Review: Beretta 92 .22LR Practice Kit Conversion

Your gun, plus a new slide, barrel and magazine, makes a great .22LR pistol.

Your gun, plus a new slide, barrel, and magazine, makes a great .22LR pistol.

Seriously? You’re reviewing a .22LR conversion kit? Are you guys nuts? Don’t you know .22LR ammo hasn’t been seen since 1967?

Yeah, I know, .22LR ammo is harder to find than a Jenny Craig meal at Governor Chris Christie’s house. If you do find some, it costs something like $112.93 per round. Well, not really, but to hear people whine, you might think it did. What used to cost a couple cents per round now commonly runs a minimum of nine cents per.

News Flash! For those of you refusing to buy .22LR ammo until prices get back to normal, you’ll be waiting a long time. Welcome to the new normal. Just like you can no longer buy a new Ford for $350, you probably aren’t going to be able to buy .22LR ammo for 2 cents a round anymore. It’s not a conspiracy, it’s just supply and demand. More people than ever are shooting. .22LR ammo production requires a pretty hefty capital investment. Margins aren’t all that great. New companies make more money investing in centerfire ammo. Ergo ipso-facto e Pluribus Unum… .22LR ammo costs more now than it used to.

With all that said, 9 cents a round is still a lot cheaper than $.19 per round, which is about the cheapest price I see for 9mm ammo. So if you want to practice and plink for less money, you still save a dime per shot, which goes a long way towards paying for a .22LR conversion kit for your pistol.

In the box: Slide, barrel, magazine and magazine loading tool.

In the box: Slide, barrel, magazine and magazine loading tool.

Side note: .22LR ammo is available at the prices quoted here any day you want to buy it. Check to get up to the minute availability from a whole slew of online retailers for ammo and reloading supplies. Their magic computers constantly scour the internet to see who has what so you can buy it immediately. It’s a really, really handy resource. Don’t get cranky at them about prices – they don’t set them. Gunbot just does all the online looking for you.

While we’re on the cost and math topic, each hundred rounds you shoot of .22LR versus 9mm saves you $10. If you shoot .40 S&W or .45 ACP, the savings are even more as those centerfire cartridges cost about $.24 and $.30 respectively. Carrying some ones, each thousand rounds keeps a hundred bucks in your wallet. After a few thousand rounds, you’ve paid for your conversion kit.

Since the Beretta 92FS is one of my all-time favorite guns, I’ve been itching to try out Beretta’s own conversion kit. So I did. Here’s the rundown.

Like many other conversion kits, this one includes a new slide, barrel and magazine that (temporarily) replaces the ones you already have on your 92 series pistol. There are a couple of other items in the plastic hard case: a .22LR cleaning brush, magazine loading tool, and sight adjustment tools.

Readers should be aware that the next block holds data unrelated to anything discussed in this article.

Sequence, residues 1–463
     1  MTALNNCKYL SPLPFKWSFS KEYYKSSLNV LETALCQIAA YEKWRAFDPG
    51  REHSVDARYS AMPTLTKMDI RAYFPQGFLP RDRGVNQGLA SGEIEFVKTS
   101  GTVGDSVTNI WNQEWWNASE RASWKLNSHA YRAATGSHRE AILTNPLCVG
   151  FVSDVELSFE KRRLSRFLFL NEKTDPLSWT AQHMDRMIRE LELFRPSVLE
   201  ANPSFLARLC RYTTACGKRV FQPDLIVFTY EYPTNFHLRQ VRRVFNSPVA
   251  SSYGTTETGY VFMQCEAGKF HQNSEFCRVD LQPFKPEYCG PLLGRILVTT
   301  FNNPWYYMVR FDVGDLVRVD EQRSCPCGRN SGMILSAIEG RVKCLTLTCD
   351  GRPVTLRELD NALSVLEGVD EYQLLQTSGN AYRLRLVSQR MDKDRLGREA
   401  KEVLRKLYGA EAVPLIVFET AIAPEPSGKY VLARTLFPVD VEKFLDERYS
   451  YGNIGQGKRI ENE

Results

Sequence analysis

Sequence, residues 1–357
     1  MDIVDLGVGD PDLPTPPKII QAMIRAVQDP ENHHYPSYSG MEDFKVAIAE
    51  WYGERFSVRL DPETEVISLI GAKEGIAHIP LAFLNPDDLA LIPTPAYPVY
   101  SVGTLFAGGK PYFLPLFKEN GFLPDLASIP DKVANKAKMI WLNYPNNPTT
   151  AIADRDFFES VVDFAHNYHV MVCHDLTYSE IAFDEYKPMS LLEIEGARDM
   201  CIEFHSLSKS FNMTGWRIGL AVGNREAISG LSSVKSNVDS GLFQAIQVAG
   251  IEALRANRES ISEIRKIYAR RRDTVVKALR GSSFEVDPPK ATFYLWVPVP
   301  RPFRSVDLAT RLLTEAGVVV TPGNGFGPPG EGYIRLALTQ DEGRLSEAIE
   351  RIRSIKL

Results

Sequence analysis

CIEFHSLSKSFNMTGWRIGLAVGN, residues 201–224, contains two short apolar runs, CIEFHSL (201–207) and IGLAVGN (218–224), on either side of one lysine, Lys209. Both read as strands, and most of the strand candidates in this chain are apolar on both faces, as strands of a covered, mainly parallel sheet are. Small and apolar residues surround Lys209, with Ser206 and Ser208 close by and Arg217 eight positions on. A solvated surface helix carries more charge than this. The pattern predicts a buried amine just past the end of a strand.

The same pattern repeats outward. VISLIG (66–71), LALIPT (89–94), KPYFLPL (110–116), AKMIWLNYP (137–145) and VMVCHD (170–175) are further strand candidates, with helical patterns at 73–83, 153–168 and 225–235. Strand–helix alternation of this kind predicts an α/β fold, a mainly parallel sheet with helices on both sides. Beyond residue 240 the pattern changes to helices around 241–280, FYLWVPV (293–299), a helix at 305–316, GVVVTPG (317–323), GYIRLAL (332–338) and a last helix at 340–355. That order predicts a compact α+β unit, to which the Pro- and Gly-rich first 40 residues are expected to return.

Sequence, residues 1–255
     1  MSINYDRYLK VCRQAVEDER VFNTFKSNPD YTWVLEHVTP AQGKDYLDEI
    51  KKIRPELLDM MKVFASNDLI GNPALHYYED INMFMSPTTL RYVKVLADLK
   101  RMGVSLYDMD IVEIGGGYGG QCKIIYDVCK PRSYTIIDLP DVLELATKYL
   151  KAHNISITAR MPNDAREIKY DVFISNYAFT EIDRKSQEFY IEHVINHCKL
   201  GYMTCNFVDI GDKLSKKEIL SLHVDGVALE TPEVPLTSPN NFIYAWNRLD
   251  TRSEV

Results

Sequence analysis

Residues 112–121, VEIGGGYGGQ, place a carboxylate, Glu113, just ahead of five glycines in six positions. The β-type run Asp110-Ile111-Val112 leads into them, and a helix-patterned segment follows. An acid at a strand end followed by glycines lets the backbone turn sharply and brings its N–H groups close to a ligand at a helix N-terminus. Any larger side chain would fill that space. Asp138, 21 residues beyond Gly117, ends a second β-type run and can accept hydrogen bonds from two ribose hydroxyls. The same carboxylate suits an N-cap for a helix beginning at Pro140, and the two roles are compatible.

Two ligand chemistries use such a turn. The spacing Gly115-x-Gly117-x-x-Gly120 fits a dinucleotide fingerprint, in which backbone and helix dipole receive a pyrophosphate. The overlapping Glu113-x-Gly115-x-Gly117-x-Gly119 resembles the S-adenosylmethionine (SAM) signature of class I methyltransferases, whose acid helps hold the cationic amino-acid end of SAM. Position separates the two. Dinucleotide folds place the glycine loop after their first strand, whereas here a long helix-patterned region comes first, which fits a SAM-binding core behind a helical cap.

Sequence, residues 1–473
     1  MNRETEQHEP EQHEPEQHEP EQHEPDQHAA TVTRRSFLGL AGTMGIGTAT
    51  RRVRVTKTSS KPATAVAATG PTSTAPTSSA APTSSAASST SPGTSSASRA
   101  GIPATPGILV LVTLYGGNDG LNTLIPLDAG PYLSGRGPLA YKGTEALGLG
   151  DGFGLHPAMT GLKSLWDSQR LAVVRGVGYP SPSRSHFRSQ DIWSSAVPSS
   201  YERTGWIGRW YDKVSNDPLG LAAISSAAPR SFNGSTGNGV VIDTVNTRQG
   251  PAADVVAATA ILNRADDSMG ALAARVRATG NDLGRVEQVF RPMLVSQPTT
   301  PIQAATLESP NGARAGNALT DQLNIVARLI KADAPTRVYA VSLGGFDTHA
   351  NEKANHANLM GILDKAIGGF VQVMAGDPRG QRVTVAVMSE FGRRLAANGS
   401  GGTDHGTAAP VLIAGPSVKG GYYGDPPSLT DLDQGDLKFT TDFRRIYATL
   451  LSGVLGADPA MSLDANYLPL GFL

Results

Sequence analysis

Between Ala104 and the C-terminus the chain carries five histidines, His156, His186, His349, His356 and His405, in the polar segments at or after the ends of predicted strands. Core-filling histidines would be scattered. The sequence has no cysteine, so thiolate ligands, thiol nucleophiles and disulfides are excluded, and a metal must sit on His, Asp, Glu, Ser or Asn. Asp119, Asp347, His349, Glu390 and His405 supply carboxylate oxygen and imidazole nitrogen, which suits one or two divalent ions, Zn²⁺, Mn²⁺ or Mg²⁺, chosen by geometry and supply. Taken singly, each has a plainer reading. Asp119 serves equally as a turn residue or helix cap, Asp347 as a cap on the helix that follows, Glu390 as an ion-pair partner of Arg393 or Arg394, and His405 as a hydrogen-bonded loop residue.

The adjustable rear sight is outstanding.

The adjustable rear sight is outstanding.

The front sight dot is crisp and a bit larger than the rear dots.

The front sight dot is crisp and a bit larger than the rear dots.

That’s right, the .22LR Practice Kit has adjustable rear sights. The entire rear sight assembly slides into a dovetail in the slide like the real thing. Unlike the (standard) real thing, the rear sight is adjustable for both windage and elevation. Crisp white markings give you a visual indicator as to the current settings. The adjustment screws are also clearly marked to show which way to turn the screws to move bullet impact right or left and up and down. It’s a quality sight, not a flimsy one like you see on many .22 pistols. The front sight is machined into the slide and features a crisp white dot that is noticeably larger than the two in the rear sight.

The slide itself is made from aluminum, so the whole assembly is lighter than a standard 92 or M9 pistol. The barrel is steel and has a clear .22LR etched into the top surface for easy identification.

Beretta includes one ten-round magazine along with a sleeve tool that helps load cartridges without tearing up your thumbs. Just press down on the sleeve to relieve magazine spring pressure while you drop in cartridges.

Installation is a snap, in part owing to the ridiculously simple take-down design of the 92 series pistols.

  1. Remove the magazine and double check the chamber to make sure it’s completely empty.
  2. Push and rotate the takedown lever to remove the existing slide assembly.
  3. Slide the .22LR Practice kit onto the existing frame and rotate the takedown lever back into place.
  4. Insert the .22LR magazine.

That’s how easy it is. The entire operation takes just seconds.

Just add the new slide, barrel and magazine to your existing frame.

Just add the new slide, barrel and magazine to your existing frame.

The safety / decocking lever works just like the original.

The safety / decocking lever works just like the original.


Since we’re talking about installation, it’s a good time to mention compatibility issues with various 92 series variant pistols. Rather than risk screwing up the details, I’ll just share Beretta’s information.

The Kit can be mounted on all Series 92 pistols with standard frame – models 92SB, 92F, 92FS, 98F, 98FS and 96 as well as models 92G, 96G, 92D, 98F cal. 7.65 MM PARA and on the Target, Brigadier, Centurion and Elite versions.